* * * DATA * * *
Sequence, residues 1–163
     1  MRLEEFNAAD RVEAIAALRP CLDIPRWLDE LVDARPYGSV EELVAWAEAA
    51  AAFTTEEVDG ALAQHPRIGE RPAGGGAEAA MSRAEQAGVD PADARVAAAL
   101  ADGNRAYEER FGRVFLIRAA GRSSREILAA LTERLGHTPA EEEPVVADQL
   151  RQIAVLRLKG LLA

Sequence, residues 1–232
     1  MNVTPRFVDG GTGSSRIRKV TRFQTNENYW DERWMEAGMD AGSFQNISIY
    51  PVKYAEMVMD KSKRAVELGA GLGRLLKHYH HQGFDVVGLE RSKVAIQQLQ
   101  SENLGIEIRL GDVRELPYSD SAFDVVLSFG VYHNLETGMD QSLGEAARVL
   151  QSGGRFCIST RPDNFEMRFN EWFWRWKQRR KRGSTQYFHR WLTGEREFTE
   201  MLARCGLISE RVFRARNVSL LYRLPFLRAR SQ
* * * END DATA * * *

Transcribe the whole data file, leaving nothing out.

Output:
Sequence, residues 1–163
     1  MRLEEFNAAD RVEAIAALRP CLDIPRWLDE LVDARPYGSV EELVAWAEAA
    51  AAFTTEEVDG ALAQHPRIGE RPAGGGAEAA MSRAEQAGVD PADARVAAAL
   101  ADGNRAYEER FGRVFLIRAA GRSSREILAA LTERLGHTPA EEEPVVADQL
   151  RQIAVLRLKG LLA

Sequence, residues 1–232
     1  MNVTPRFVDG GTGSSRIRKV TRFQTNENYW DERWMEAGMD AGSFQNISIY
    51  PVKYAEMVMD KSKRAVELGA GLGRLLKHYH HQGFDVVGLE RSKVAIQQLQ
   101  SENLGIEIRL GDVRELPYSD SAFDVVLSFG VYHNLETGMD QSLGEAARVL
   151  QSGGRFCIST RPDNFEMRFN EWFWRWKQRR KRGSTQYFHR WLTGEREFTE
   201  MLARCGLISE RVFRARNVSL LYRLPFLRAR SQ